One particularly contentious issue regarding food irradiation in Japan is that of spices. Given that irradiated spices are distributed across the world, in 2000 the All Nippon Spice Association submitted a petition to the Ministry of Health, Labor and Welfare, requesting permission to irradiate spices. However, the Japan Liaison Against Food Irradiation, an association comprising 54 civic groups, including the Japan Housewives' Association, opposed the initiative, arguing that the dearth of food poisoning caused by spices indicates that there is no need for their irradiation.
The health ministry's Pharmaceutical Affairs and Food Sanitation Council, meanwhile, has continued deliberations on the potential risks and amounts of alkylcyclobutanones generated by irradiation, after concluding in May 2010 that "there is not enough sufficient data" to make an official decision on the issue.
An official with the health ministry's Standards and Evaluation Division commented, "We are currently asking related industries to provide data on the safety of food irradiation. At this stage, we cannot say that consumers are open to food irradiation."
The debate between residents opposing food irradiation and those who support it, however, continues at full speed.
"Peroxide and other toxic substances are produced in foods that have been irradiated," says Hiroshi Satomi, the head of "Shokuhin Shosha Network" (Food Irradiation Network), a civic group questioning the safety of the method. "We need to conduct experiments on animals that have been given alkylcyclobutanones, and observe any long-term toxicity."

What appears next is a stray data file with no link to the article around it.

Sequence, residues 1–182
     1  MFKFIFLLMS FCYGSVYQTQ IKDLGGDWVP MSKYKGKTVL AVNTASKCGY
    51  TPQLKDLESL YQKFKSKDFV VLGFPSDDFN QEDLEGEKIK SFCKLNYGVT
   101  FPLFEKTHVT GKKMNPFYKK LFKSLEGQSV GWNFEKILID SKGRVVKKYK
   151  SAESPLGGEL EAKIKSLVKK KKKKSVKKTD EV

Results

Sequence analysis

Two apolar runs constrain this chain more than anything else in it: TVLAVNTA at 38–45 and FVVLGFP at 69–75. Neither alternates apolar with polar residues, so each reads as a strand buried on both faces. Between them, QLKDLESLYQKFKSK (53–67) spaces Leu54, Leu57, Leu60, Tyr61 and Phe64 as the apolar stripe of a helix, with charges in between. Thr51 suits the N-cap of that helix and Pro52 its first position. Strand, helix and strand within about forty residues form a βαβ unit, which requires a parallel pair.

Yasuhiko Kobayashi, the chief of JAEA's Quantum Beam Science Directorate, however, argues: "Food irradiation is a very practical method, because it can exterminate germs inside foods in their packaged state. Just as food irradiation is used on meat in the United States, there is value in considering its application to foods besides potatoes in Japan."
While food irradiation seems to be considered safe in many parts of the world, there is strong resistance against it in Japan, for reasons including the Fukushima No. 1 nuclear power plant disaster.
Yuriko Inubushi, a member of the board of trustees of civic group Consumption Science Center, commented: "It's not that I'm completely against food irradiation, but I just don't feel there is a dire need to consume irradiated raw liver at a time when people still lack an understanding of it."
July 22, 2012(Mainichi Japan)